I like the idea of everyone paying there share. I even like the idea of it coming into the clerk in portioned amounts from the members who took back the food. I do however object (ha, too much time in the courtroom) to any kind of negativity toward the clerk. The people at the courthouse were nothing be kind to us there. And at the end, while waiting for the verdict, the armed officers who had kept us in line and searched our purses and bags were socializing with us and the children in the courtroom and just outside the room. They did not take away our raw milk or our stinky cheese (Jenny). And as we left they thanked us as we thanked them for staying late and putting up with us. What we taught the people in the Sauk Co courthouse and the downtown Baraboo area was that we are kind, civil, gracious and good people. Let's not change that opinion.

yes, after reading your reply, I agree. The clerks didn't do this, so they should not be harrassed in any way. But if we can make it clear that they took it from all of us and that we are all willing to stand up, then the point will be made. Perhaps afterward we could have a well written letter in the paper describing what transpired. maybe even a news cast. We could make our points there.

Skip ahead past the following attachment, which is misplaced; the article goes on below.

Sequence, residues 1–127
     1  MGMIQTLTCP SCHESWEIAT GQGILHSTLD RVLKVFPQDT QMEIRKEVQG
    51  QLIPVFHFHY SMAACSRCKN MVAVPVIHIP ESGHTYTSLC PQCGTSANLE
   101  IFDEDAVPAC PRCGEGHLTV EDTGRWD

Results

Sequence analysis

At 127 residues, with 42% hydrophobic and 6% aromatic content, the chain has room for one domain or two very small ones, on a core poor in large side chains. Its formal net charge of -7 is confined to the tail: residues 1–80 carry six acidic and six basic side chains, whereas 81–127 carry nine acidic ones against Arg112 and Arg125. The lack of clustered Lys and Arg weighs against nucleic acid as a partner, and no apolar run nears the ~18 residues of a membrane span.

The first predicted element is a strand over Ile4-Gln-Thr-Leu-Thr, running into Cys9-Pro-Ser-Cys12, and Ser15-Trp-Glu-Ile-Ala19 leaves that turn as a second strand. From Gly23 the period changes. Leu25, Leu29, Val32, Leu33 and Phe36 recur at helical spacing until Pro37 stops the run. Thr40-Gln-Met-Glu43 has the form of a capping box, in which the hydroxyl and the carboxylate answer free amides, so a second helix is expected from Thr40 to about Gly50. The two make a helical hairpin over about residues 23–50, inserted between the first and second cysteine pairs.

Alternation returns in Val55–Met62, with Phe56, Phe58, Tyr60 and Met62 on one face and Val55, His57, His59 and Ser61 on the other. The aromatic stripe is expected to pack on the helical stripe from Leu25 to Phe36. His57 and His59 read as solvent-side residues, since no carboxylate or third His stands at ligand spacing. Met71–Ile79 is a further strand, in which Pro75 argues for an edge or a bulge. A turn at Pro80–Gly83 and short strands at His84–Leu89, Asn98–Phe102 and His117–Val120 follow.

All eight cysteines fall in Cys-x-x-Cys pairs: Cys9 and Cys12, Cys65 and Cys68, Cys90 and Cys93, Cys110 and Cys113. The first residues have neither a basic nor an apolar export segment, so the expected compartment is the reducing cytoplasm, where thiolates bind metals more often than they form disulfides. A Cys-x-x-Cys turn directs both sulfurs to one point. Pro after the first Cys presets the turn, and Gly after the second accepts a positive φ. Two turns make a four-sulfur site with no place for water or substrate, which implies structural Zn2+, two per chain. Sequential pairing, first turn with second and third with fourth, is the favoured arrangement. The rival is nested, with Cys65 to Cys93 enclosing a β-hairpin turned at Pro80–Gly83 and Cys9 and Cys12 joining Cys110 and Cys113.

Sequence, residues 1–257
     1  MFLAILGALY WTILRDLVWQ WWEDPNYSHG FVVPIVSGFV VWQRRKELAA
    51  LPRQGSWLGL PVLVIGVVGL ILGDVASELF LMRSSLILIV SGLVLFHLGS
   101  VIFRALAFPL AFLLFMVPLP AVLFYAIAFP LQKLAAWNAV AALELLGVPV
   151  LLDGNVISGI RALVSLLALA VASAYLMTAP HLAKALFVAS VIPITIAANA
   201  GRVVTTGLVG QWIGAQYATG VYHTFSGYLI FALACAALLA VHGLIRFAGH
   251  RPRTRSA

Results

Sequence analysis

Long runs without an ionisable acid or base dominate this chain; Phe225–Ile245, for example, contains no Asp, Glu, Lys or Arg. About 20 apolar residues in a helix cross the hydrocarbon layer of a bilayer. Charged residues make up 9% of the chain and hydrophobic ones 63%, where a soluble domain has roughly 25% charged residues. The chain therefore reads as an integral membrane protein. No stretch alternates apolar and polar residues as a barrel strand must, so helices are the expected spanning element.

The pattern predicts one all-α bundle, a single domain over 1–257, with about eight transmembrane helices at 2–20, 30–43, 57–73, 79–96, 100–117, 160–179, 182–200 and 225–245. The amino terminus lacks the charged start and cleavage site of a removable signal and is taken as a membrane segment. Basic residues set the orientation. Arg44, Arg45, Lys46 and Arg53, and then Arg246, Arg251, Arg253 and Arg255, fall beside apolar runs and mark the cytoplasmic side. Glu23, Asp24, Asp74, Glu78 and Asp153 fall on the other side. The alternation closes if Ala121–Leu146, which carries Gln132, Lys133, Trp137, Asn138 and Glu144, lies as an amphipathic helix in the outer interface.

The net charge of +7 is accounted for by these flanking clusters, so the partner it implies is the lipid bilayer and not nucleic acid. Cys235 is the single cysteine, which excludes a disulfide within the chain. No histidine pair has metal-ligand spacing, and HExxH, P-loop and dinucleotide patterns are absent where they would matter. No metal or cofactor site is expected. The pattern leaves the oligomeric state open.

debjacobs8's picture

If we all arrived at the same time and stood in line, let the media know, it could get news coverage.

rawmilkmike's picture

Right now I'm just hoping Vernon doesn't do any time. And I thought the maximum was six months. A year would be a felony wouldn't it?

Ora Moose's picture

David, I think you meant the defense got a break in this judge decision? No biggie, we still get the overall idea. And yes I was born to edit ;-)

"The only break the prosecution got was when the judge finally pushed back against the State’s demand that Hershberger not be allowed to have his food club members testify on his behalf"